Microsoft Workloads on AWS

Generating CI/CD Pipelines for Containerized ASP.NET Applications using AWS App2Container

Every day, companies are running legacy applications on top of highly scalable container architectures such as Amazon Elastic Container Service (Amazon ECS) and Amazon Elastic Kubernetes Services (Amazon EKS). These legacy applications, many of them Windows-based, can be difficult for companies to manage and often need a heavy infrastructure lift to maintain. Because many legacy applications are no longer receiving software updates and run on operating systems that have reached end-of-support, customers are looking for new ways to re-platform and manage them.

In 2020 Amazon Web Services launched AWS App2Container, a service that helps customers containerize legacy applications without making any code changes. This helps customers run ASP.NET or Java applications the same way they run new applications on Amazon ECS and Amazon EKS.

This post will cover how to containerize an ASP.NET application easily and deploy a CI/CD pipeline based on AWS Developer Tools using AWS App2Container.

Prerequisites

For this tutorial, you should have:

In this blog post, we will use a real application called nopCommerce. The current versions of nopCommerce are based on ASP.NET Core. Since we want to focus on legacy ASP.NET applications built on .NET framework, we will use nopCommerce version 3.90 that is built on .NET 4.5.1. The nopCommerce application in this blog is installed on a Windows Server 2008, IIS 7.5, .NET 4.5.1 and uses Amazon RDS for SQL Server as a database.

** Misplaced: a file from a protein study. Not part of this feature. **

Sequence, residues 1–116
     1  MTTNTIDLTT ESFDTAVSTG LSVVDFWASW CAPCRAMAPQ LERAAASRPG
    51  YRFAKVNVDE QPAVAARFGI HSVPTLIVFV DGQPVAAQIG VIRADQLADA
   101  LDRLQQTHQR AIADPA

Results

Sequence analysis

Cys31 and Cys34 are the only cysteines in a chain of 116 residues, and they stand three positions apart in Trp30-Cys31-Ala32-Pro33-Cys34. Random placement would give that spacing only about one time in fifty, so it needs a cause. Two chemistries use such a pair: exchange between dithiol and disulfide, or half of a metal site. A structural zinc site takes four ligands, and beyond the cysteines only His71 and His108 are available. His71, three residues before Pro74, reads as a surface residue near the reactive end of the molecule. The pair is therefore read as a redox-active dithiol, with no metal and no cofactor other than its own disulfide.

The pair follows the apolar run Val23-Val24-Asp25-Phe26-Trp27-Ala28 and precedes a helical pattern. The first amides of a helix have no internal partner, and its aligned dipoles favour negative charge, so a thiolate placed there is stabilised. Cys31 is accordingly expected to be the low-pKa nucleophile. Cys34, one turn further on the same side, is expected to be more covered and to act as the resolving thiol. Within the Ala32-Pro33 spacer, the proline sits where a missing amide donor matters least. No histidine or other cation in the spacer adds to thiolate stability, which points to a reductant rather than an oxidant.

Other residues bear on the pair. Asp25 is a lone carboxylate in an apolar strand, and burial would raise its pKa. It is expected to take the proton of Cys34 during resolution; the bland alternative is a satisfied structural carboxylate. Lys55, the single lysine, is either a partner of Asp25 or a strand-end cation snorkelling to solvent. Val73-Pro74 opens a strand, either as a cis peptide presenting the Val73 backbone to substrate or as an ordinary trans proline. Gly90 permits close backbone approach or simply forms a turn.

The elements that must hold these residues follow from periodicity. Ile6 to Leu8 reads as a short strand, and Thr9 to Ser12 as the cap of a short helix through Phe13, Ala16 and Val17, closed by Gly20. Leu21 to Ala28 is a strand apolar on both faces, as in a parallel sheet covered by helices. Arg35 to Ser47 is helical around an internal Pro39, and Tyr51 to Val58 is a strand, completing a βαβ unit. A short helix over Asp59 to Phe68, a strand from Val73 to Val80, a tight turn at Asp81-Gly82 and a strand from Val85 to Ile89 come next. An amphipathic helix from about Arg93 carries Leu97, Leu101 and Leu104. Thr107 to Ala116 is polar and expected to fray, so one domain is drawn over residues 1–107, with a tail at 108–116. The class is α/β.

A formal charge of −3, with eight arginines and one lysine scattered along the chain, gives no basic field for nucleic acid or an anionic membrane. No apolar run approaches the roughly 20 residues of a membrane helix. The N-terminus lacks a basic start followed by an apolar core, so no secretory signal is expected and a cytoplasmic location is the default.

AWS App2Container has recently added the ability to containerize an application without installing App2Container on the application server. You can find more information on App2Container in the official documentation or the blog post containerizing legacy ASP.NET applications using AWS App2Container (A2C).

The first step for application containerization is to run the remote inventory command against the application server (remote server) and fetch all the necessary artifacts to containerize the application on an App2Container worker machine. Run the following command:

app2container remote inventory --target ApplicationServer_IP or FQDN

Output:

PS C:\> app2container remote inventory --target 10.0.3.233
√ Server inventory has been stored under c:\app2container\remote\10.0.3.233\inventory.json
Remote inventory retrieved successfully

The previous command generates a file called inventory.json, which contains the application ID for the IIS Website you want to containerize. The original path for this file should be: Workspace\remote\ApplicationServer_IP or FQDN\inventory.json